The large clock on the tower of Westminster Abbey is the world's largest four-sided striking clock. The height of the tower is 96 meters; a narrow spiral staircase of 334 steps is hidden inside it. After passing all of them, you can get to a small open area with the famous Big Ben bell. He beats the time every hour, and his sounds are broadcast hourly by BBC radio throughout the country. It was this bell that gave the name to both the clock and the tower itself. The bell is large: 2 meters high and 3 meters at the base. The dimensions of the watches are no less striking: their diameter is 7 meters, and the hands are 2, 7 and 4, 2 meters long.
The watch was designed by Sir Edmund Beckett and Astronomer Royal George Airy. The creation of the watch was entrusted to the watchmaker Edward John Dent, and after the master, his adopted son Frederick Dent took over the construction and completed the work in 1854.
The pendulum of the clock is mounted inside a windproof box located below the clockwork room. Its length is 4 meters, weight - 300 kg. The swing of the pendulum is 2 seconds. It is interesting that the accuracy of the clock is regulated by the keepers of the tower with the help of coins, which are placed on the pendulum: the old (10-decimal) 1 penny coin accelerates its movement by 0.4 seconds per day.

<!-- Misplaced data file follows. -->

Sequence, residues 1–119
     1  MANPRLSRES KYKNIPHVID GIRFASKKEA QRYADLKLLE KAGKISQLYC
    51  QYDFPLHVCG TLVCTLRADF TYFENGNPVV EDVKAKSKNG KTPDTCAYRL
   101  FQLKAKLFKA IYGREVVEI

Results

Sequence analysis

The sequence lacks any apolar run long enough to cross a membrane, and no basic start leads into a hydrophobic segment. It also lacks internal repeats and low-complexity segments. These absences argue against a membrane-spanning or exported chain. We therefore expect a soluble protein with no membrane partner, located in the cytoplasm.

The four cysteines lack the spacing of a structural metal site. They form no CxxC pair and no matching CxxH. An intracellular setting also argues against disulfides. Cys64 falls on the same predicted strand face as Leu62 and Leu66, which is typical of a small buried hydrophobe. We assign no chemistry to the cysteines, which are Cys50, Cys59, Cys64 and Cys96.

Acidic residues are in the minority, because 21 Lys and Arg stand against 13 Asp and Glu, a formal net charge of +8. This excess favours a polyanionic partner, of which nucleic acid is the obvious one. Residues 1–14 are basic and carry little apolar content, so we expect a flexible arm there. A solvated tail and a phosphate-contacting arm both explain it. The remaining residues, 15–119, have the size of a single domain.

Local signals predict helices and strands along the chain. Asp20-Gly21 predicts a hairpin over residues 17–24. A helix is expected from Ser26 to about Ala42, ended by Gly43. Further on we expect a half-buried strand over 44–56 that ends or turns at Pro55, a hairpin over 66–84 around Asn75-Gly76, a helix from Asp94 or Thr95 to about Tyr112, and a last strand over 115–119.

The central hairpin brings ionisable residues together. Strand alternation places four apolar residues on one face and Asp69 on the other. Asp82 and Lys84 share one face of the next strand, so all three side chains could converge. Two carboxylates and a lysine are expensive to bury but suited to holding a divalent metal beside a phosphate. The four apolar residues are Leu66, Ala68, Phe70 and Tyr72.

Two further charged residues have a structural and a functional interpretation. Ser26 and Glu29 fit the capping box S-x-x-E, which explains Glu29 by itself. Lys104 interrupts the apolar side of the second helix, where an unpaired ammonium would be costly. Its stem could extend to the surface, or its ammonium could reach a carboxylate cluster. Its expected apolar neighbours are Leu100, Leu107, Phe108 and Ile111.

Four dials are made of opal glass, bordered with gilded frames and have a Latin inscription, which means “God save our Queen Victoria”. This clock also has a global meaning: officially, the new year on planet Earth begins with the first blow of Big Ben on January 1.
Interestingly, Londoners living near Westminster Palace hear thirteen bells of Big Ben on New Year's Eve: the effect is due to the fact that the speed of sound is slower than the speed of propagation of radio waves.
On September 12, 2012, the world famous Big Ben Clock Tower was officially renamed the Elizabeth Tower. This significant event took place in honor of the recent 60th anniversary of the Queen's reign.